Stormy summer? Believe it or not, there are apps for that, too. Last night during a deluge, I found myself going to my iPhone 4 many times for many reasons, and that got me thinking about handy apps to peruse while watching the storm coverage on TV or just sitting stunned on the front porch as the rain came down.
WeatherBug Elite (99 cents): As the TV meteorologists talk about how much rain is pouring down and where, I like to follow along -- or bounce to specific areas they might not be talking about at that moment -- on this app. WeatherBug Elite provides live local weather conditions and forecasts, tapping into the largest network of professional weather stations nationwide. There is a free version of the app, too.
Twitter (free): Twitter explodes during storms as people share their photos, videos and other observations as events unfold. Micro-blogging can be a fascinating way to get news in real-time. There are loads of Twitter apps out there with varying features, functionality and interface aesthetics. The official Twitter app gets the job done just fine.
Flashlight (free): During those first few minutes when the lights go out and you're fumbling around for a real flashlight, it's nice to be able to use a flashlight app on the iPhone for some quick temporary light. The LED flash on the iPhone 4 is particularly brilliant under these conditions, but even apps that illuminate the screen with bright white light are useful until you can fire up some candles. There are lots of these programs on the app store, including a free one that lights up the iPhone 4s LED flash and the screen from John Haney Software.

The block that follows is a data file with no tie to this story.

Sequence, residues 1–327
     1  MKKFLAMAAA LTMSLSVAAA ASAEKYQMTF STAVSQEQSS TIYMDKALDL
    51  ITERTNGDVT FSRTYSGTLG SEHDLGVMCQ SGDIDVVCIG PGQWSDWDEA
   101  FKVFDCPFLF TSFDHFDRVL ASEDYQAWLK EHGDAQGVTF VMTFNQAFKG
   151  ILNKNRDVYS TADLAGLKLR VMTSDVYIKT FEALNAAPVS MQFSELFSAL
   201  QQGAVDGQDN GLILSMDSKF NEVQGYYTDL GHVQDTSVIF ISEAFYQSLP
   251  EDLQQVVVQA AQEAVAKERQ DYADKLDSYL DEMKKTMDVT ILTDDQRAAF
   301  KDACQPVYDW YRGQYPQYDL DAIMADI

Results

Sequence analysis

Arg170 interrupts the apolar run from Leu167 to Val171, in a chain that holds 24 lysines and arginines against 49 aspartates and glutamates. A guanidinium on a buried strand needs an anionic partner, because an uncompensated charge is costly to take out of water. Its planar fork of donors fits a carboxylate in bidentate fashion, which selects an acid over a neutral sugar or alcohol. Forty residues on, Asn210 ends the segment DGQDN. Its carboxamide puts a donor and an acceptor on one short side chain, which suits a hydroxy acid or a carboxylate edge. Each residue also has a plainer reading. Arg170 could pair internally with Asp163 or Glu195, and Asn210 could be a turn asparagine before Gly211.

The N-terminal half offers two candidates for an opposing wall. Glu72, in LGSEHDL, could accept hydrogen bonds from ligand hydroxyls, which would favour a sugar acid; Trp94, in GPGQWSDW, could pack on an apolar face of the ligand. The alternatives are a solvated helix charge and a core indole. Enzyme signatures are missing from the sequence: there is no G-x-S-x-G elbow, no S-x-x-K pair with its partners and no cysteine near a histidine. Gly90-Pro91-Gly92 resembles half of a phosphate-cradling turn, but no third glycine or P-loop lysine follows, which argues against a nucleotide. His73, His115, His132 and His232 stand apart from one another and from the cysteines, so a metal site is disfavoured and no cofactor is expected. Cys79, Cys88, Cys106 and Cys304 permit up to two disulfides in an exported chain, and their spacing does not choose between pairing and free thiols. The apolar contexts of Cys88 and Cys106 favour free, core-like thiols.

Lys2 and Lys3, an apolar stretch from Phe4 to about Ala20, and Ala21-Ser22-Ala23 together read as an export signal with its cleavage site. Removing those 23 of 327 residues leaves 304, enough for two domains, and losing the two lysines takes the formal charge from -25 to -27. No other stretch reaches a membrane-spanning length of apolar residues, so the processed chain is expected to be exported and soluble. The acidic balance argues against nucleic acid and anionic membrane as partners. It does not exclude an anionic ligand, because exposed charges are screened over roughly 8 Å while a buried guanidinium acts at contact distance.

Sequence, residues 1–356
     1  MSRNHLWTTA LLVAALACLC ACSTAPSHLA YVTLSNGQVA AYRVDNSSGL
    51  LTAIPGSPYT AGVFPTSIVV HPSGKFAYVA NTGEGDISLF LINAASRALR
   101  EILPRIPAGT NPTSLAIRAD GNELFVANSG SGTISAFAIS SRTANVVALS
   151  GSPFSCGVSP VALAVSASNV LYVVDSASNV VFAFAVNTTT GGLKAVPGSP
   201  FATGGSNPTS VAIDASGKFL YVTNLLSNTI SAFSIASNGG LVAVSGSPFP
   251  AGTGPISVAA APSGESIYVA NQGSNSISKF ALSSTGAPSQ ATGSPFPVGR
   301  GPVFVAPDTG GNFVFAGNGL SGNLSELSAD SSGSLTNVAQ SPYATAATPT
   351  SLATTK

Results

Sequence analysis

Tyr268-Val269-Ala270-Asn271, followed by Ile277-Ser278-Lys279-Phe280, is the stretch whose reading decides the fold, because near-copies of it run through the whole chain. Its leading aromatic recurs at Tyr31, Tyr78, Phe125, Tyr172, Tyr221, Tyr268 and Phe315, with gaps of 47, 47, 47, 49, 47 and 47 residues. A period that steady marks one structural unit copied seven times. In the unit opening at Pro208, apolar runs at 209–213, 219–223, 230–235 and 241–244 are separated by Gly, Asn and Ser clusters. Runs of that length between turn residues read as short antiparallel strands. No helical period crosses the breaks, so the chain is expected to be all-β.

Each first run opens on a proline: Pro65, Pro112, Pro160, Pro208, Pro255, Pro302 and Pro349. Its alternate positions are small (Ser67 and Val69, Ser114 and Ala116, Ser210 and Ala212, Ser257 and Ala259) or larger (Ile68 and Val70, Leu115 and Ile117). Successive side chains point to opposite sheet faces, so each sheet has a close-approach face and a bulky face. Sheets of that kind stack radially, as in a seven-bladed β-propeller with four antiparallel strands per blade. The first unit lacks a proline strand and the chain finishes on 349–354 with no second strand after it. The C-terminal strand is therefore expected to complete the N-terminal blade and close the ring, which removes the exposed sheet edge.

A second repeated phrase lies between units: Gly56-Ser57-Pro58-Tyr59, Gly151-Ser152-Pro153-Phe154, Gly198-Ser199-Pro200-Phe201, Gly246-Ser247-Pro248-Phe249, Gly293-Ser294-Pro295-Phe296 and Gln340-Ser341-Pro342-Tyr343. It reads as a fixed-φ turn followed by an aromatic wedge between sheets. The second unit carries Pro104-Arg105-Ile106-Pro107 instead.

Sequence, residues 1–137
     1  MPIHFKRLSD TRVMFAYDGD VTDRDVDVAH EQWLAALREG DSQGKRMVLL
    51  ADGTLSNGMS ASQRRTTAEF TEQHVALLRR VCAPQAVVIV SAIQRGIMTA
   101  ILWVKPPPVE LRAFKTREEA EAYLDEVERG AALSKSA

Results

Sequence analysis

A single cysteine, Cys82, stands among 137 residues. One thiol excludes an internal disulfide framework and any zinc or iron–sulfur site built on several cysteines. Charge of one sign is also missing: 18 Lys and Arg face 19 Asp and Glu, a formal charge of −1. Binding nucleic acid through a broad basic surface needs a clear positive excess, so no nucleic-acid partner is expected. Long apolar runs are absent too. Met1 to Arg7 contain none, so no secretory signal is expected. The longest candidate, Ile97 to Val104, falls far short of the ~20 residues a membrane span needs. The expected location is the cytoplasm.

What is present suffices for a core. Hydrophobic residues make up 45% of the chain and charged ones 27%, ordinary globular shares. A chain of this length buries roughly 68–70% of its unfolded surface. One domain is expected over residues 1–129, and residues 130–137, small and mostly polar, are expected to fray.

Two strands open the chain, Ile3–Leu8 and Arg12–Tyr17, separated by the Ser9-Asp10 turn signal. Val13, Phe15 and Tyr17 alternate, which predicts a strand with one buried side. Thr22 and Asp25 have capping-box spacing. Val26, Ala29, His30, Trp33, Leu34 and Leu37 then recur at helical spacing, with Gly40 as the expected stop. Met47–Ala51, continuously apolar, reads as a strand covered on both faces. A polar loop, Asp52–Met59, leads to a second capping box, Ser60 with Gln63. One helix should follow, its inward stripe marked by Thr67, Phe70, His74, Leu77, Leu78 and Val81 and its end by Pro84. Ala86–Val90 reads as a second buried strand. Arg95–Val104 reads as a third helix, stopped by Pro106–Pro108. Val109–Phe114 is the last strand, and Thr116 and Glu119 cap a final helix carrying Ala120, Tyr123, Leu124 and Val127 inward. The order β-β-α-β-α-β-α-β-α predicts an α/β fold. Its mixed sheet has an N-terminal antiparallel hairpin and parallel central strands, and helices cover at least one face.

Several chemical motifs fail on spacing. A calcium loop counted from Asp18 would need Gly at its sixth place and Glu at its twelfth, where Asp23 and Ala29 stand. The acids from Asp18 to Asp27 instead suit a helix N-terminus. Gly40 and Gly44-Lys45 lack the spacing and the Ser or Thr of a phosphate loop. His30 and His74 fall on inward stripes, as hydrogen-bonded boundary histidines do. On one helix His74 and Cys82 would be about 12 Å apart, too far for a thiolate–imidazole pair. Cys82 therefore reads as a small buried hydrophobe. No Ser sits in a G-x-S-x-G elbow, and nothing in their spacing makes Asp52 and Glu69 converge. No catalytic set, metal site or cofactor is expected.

SAS Survival Lite (free): With the potential for cars to be trapped on interstates, streets flooded and power failures, it dawns upon me how drastically unprepared I am to endure beyond the creature comforts of my urban lifestyle. No problem: the "lite" version of SAS Survival, based on the bestselling book, details basic survival strategies, photo galleries of cloud spotting and nightsky navigation and other resources. The full version of the app costs $6.99.
Explore further: Microsoft launches Outlook for rival iOS, Android